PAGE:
Designer Strut: Kimmie Denise of Sucre Couture

The Bay area jewelry designer and doctoral student is erupting fashion with her indie accessories line.

su·cre (ˈso͞okrā/) noun: sugar (origin: french)

Arm and neck candy are taken to new heights in the collections of Sucre Couture, a coveted indie accessories line based out of the Bay area. Designed and curated by Northern California native Kimmie Denise, Sucre Couture comprises of finely made, opulent and on-trend jewelry ranging from necklaces to rings, bracelets and earrings. Thanks to the decadent designs and high quality that have become signature to Sucre Couture’s collections, the brand has earned a considerable cult-following that includes names to know — from Normani Kordei to Christina Millian.
Sucre Couture

Black-owned and operated, Sucre Couture is an accessories line made by black queens, for black queens. Strut Glam Lane enjoyed the pleasure of interviewing one half of the Sucre Couture duo, Kimmie Denise, about her successful jewelry business, what it means for budding black female entrepreneurs, and how she fits motherhood and her doctoral studies into the mix.

What initially inspired you to turn your love for accessories into an entrepreneurial venture? 

Since I can remember, jewelry has always been a part of my life.

I had an aunt and grandmother who both loved shopping on the Home Shopping Network and QVC. Every time I saw them, they had new, beautiful jewelry being delivered to their doorsteps. Their collections were crazy. I mean, it was kind of ridiculous lol. As I got older, they started buying me pieces and taught me to always wear a signature pair of studs and other accent jewelry to top of my daily look. Today, I still take their advice. I can’t leave the house without studs in my ears, a necklace, rings, and a watch. 

What was the first piece you ever designed? 

Ha! My first pair of jewelry I designed were some super gaudy, Swarovski crystal studded bamboo hoops. Those were so on trend a few years ago. Time flies and brands evolve. The brand’s aesthetic is refined and completely different now!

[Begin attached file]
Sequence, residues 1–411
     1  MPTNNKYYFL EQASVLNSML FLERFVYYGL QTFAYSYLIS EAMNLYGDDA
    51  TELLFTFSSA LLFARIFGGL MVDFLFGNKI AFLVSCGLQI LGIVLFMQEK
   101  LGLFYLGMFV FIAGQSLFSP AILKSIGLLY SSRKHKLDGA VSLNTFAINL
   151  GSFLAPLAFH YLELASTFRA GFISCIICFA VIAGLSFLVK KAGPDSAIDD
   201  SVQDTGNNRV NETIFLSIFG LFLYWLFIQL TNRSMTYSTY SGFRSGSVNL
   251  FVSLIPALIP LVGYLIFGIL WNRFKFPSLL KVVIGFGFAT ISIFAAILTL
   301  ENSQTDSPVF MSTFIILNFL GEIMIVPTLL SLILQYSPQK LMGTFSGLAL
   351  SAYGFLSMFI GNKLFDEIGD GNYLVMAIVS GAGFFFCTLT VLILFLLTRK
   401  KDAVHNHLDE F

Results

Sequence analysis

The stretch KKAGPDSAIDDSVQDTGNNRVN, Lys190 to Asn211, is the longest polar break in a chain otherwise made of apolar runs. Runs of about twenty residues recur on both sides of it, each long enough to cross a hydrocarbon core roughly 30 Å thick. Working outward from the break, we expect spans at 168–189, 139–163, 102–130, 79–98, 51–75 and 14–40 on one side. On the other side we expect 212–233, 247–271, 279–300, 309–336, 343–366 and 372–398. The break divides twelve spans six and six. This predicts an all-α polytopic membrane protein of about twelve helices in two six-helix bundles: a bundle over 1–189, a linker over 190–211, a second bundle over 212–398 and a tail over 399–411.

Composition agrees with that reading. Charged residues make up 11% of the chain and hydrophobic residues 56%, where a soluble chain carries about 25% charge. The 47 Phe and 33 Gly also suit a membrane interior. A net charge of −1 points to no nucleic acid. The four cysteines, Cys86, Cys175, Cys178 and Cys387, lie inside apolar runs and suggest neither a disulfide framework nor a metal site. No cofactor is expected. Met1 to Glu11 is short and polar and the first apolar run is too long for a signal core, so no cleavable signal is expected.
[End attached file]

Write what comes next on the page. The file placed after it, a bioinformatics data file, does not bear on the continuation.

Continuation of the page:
Your designs are very rich, bold, and give off an aura of opulence that is very reminiscent of African style and culture. Is this intentional, and how would you personally describe the aesthetic of Sucre Couture overall? 

Not intentionally, but my partner, Victoria Sanders, and I are super big on gold. 

The Sucré Couture aesthetic contains clean, sharp lines with a blend of subtle and strong crystal accents.
Sucre Couture, “Juice” Collection

Sucré Couture is all about trends, but being able to wear something season after season without it looking hella off-trend is important. I’m also about introducing items that don’t phase out too quickly.

As a black female entrepreneur, how important is it for you to bring more representation to the industry through your designs, the people you work with and the culture that the brand represents?

As a black entrepreneur, it’s important for that I represent for black women. Our image is so boxed and limited in the media. I want to show the world that we’re the shit and can rock the hell out of grunge, too. It’s also important that I set an example for other entrepreneurial-spirited black woman like myself. If you want it, go get it! The world is your oyster. 

Sucre Couture has been worn by some notable celebrities and even featured in Vogue. How were you able to make such a big splash in the industry as an independent entrepreneur?

Persistence. I know that sounds so cliché, but being persistent in launching new jewelry lines, establishing and nurturing meaningful relationships, and faith. Keeping a positive main frame works wonders, too. 

Sucre Couture Juice collection

Your most recent collection is a collaboration with ‘The Vic Styles.’ How did this collab come about and what was the development process like? 

Victoria and I met almost four years ago and we just kind of clicked. We respect and admire each other’s work. We started with Desert Opulence and loved working with each other so much that we continued the relationship. As far as the development process, we worked hand-in-hand. She was responsible for the creative direction and I was responsible for the jewelry line up and operations. We operate on a project timeline, which entails drawing a mood board for the vibe we want, curating and designing pieces, approvals, and setting uplogistics to drive the collection to the finish line. There’s so much work that goes into these collections, but it’s so worth it!

Where do you see Sucre Couture being in the next few years and what are you plans for getting it there? 

I see Sucré Couture being carried in retail stores nationwide, as well as carried in a brick-and-mortar store of our own. In regards to plans, I’m sharpening the saw and continuously working on the brand imagery and awareness.

Keep up with all things Sucre Couture on social media! Click below:

Gabriella Layne

Editor-in-Chief of The Strut Magazine

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